PASS (9,038 alt.) is the tree containing the arrows. The highway
enters Taos County and continues down into TAOS CANYON in
another series of hairpin turns, passing through the settlement of GUS-
DORF, 84.6 m., a village of 50 inhabitants.

The highway crosses a section of the CARSON NATIONAL
FOREST. Here along Taos Creek four public campgrounds (L) are
maintained by the Forest Service, providing water, wood, and sanitary
facilities for free camping.

CAftON, 96.6 m. (7,100 alt., 546 pop.), at the head of Taos Val-
ley, is one of the oldest Spanish-American settlements in the valley,
settled between 1700 and 1725. The site was chosen because of the
abundance of water and because it was outside the boundaries of the
Taos Pueblo Indian Land. TAOS PEAK (12,282 alt.) visible (R.) is
referred to as the Sacred Mountain by the Taos Pueblo Indians, whose
pueblo is at its base. The road leads across the valley through well-
cultivated ranches.

TAOS, 98.7 m. (7,050 alt., 1,847 pop.). (see Taos).

Tour 2A

Pojoaque—San Ildefonso—Otowi—Frijoles Canyon (Bandelier Na-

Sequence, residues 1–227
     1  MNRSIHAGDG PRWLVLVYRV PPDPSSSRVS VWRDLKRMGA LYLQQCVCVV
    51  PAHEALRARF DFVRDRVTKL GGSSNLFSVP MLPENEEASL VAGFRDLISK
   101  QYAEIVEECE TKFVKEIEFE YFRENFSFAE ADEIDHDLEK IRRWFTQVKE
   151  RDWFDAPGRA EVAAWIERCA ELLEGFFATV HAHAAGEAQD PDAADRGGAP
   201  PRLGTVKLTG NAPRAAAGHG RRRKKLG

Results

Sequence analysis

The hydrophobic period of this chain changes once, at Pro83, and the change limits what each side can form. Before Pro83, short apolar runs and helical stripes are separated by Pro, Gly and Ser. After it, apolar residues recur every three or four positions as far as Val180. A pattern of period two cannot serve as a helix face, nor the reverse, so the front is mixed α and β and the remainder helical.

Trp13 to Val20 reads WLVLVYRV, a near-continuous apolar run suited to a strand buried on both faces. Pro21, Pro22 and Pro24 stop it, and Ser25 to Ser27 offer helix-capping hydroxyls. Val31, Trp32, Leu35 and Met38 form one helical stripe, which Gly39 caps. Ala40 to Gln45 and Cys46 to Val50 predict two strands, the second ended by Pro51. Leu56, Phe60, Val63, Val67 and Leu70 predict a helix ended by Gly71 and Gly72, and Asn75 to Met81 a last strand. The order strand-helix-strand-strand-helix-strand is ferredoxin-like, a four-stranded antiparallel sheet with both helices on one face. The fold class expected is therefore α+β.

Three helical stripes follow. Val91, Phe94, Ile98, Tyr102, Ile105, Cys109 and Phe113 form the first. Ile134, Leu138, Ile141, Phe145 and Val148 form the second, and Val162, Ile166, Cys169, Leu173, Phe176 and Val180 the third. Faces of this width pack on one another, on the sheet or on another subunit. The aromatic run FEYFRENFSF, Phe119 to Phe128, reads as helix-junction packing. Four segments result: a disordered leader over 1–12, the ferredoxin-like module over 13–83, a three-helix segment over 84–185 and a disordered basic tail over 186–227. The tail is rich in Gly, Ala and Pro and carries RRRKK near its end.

tional Monument)—Valle Grande—Cuba; 79.3 m., NM 4 and NM
126.

Graveled road with steep grades and sharp curves; arroyos dangerous in flood
time.

Accommodations at Otowi and Frijoles Canyon.

Route intersects Denver & Rio Grande Western Railroad at Otowi.

Along this route is a visual record of the ages written in the land
itself; multiformed stone, volcanic thrusts, mesa lands, wind- and
water-gouged canyons, and the rugged mountains are vestiges of the
time, eons ago, when the violent earth outlined its contour. Another
chapter of a later day when this area was peopled is found in the ruins
of dwellings atop high plateaus, in caves, and in carvings on cliffs.

In the Indian pueblos, of early origin but still occupied, is pre-
served the mode of living found by the conquering Spaniard 400 years
ago. Along the arroyo banks are ranchitos with adobe houses, juniper-
post corrals, and barns similar to those of the Spanish colonists who first
established them. These, together with larger haciendas of later
Americans, make the contemporary scene. Tuff cliffs and mesa table-
lands; monumental natural carvings resembling cathedrals, or cubistic